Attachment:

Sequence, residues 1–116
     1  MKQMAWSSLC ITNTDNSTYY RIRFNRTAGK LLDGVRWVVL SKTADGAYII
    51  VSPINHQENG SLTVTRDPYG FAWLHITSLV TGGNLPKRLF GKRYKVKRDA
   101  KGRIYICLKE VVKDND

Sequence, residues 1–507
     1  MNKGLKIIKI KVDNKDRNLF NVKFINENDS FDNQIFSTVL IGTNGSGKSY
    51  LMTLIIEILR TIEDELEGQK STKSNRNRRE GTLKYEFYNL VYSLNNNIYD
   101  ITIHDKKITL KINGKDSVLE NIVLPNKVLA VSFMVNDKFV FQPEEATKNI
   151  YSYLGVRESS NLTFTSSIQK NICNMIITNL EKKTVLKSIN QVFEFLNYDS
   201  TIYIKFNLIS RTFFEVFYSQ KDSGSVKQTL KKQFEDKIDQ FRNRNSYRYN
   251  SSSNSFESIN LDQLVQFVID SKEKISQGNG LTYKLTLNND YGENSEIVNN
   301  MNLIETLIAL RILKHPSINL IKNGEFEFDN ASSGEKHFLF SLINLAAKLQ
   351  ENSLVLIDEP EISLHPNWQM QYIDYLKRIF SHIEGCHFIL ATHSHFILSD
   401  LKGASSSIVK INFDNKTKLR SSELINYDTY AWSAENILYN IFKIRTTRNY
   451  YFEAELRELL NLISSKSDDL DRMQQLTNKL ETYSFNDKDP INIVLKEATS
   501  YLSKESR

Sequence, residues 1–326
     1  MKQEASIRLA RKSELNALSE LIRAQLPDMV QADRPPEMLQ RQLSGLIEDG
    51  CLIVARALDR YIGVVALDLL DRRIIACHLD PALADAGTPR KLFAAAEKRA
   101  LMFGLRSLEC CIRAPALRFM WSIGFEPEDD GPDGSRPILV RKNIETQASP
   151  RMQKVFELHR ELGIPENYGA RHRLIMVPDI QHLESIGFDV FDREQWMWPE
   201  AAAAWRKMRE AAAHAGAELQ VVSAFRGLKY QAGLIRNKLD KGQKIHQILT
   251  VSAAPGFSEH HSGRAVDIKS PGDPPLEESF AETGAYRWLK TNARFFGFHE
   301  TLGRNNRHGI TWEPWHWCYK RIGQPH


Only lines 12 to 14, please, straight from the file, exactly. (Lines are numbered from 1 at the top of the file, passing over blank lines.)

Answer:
   301  MNLIETLIAL RILKHPSINL IKNGEFEFDN ASSGEKHFLF SLINLAAKLQ
   351  ENSLVLIDEP EISLHPNWQM QYIDYLKRIF SHIEGCHFIL ATHSHFILSD
   401  LKGASSSIVK INFDNKTKLR SSELINYDTY AWSAENILYN IFKIRTTRNY